The 1-year-old daughter of a firefighter killed battling the Australia wildfires wore her father’s helmet as she stood by her father’s casket.
In a white dress, Charlotte O’Dwyer stood beside Andrew O’Dwyer’s casket as mourners grieved her father’s loss in a ceremony at Our Lady of Victories church in Horsley Park on Tuesday, Jan.7, according to 9 News.
The heartbreaking scene came just moments after 20-month-old Charlotte accepted the service medal which was posthumously awarded to her father by the Rural Fire Service following his death.
The 36-year-old Andrew, a 16-year veteran of the New South Wales (NSW) Rural Fire Service, was one of two volunteer firefighters who died fighting the bush fires in Sydney on Dec. 19 after a tree fell on his firetruck and pushed it off the road.
The incident also killed Deputy Capt. Geoffrey Keaton, who was a father to his own 20-month-old child named Harvey, 9 News reported.
During the emotional funeral, Charlotte wandered up to the pulpit and touched her father’s casket, according to Australia’s 7 News. The little girl was also pictured giving his casket a kiss goodbye and laying under it during the ceremony.
Andrew is survived by Charlotte and his wife, Melissa, who accepted the service medal for Andrew from RFS Commissioner Shane Fitzsimmons during the funeral.
“Baby Charlotte, you need to know—your dad was a special man, a selfless man, and only left because he is a hero,” Fitzsimmons told the child, The Sydney Morning Herald reported.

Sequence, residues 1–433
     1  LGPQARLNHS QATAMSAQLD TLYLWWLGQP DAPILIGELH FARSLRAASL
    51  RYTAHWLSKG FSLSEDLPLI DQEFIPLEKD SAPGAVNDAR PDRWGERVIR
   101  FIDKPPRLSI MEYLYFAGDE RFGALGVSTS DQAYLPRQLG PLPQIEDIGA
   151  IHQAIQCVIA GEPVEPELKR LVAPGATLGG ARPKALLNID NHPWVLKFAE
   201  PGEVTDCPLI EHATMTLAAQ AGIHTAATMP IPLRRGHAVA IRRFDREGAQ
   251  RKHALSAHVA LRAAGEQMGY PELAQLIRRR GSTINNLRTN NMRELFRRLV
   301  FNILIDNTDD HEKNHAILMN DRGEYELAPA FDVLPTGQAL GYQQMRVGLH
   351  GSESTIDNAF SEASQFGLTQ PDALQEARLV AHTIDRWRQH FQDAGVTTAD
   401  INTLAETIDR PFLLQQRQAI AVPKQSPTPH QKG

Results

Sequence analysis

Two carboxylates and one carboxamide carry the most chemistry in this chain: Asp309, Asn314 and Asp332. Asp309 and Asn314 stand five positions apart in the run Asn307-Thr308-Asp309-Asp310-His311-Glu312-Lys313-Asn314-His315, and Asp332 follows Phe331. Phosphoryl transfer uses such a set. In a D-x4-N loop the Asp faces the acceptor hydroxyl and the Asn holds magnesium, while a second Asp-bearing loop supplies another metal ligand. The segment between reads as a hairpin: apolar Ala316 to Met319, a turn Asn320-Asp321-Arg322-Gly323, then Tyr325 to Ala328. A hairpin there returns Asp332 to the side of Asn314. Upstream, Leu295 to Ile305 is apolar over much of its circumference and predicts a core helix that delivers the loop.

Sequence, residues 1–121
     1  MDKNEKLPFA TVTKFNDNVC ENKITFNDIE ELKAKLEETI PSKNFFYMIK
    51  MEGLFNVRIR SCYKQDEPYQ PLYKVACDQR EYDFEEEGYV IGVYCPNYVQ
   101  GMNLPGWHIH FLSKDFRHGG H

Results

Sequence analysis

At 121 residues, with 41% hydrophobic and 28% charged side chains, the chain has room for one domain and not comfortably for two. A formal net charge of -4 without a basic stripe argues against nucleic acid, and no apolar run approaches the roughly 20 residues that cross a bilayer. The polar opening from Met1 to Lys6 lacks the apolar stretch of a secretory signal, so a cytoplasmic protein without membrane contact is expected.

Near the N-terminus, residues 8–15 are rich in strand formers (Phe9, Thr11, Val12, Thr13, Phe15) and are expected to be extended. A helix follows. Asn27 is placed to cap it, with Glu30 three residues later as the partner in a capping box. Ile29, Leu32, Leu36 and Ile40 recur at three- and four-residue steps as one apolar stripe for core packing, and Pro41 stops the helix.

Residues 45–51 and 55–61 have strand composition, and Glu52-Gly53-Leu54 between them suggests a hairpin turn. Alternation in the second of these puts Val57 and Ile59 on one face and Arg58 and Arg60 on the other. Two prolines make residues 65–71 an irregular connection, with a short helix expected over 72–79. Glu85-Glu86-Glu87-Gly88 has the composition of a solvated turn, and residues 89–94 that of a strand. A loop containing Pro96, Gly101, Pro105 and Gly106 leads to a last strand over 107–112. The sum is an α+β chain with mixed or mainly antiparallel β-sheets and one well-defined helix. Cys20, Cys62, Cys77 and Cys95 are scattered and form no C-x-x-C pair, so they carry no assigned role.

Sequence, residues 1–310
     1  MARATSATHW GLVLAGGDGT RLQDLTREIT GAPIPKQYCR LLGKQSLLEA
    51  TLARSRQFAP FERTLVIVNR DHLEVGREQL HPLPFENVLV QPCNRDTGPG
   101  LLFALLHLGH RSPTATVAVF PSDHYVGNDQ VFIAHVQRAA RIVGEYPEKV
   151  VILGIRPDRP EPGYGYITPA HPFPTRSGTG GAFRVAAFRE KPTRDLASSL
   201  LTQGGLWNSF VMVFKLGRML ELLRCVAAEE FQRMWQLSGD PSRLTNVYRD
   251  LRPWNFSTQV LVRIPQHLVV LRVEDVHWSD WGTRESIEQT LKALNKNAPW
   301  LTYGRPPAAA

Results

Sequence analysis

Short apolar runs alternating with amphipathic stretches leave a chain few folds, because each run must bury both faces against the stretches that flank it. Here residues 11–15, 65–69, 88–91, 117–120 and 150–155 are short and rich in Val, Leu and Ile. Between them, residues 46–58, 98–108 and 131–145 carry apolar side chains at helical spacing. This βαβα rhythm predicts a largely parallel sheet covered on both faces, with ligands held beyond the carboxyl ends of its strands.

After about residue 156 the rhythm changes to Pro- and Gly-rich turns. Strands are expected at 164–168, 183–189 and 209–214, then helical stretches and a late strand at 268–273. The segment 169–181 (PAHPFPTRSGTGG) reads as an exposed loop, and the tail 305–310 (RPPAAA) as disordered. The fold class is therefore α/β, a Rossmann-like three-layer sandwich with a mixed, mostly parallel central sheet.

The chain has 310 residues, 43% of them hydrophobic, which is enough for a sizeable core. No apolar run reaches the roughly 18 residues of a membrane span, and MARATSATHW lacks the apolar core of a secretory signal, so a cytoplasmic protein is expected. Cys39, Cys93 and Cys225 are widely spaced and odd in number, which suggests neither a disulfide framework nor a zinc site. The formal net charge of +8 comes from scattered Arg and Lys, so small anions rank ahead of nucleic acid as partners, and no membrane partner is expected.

Outside the church, a firetruck bearing Andrew’s name and hundreds of volunteers from the RFS lined the church parking lot. Maori members from the RFS greeted the hearse carrying Andrew’s coffin by performing an impromptu haka. The men stomped, chanted and slapped their legs as officials, including Prime Minister Scott Morrison, looked on in salute.
Andrew’s funeral came five days after the service for 32-year-old Keaton. Keaton’s son, still sucking on a pacifier, received a medal for his father’s bravery, according to the Daily Mail.
David Littleproud, the country’s federal water minister, said that the deaths marked “a deeply sad day for the community, for the RFS (Rural Fire Service) and for their families.”
Since September, the devastating Australian wildfires burning across New South Wales and Victoria have claimed the lives of at least 25 people, destroyed 2,000 homes and burned through more than 11 million acres and killed at least half a billion animals.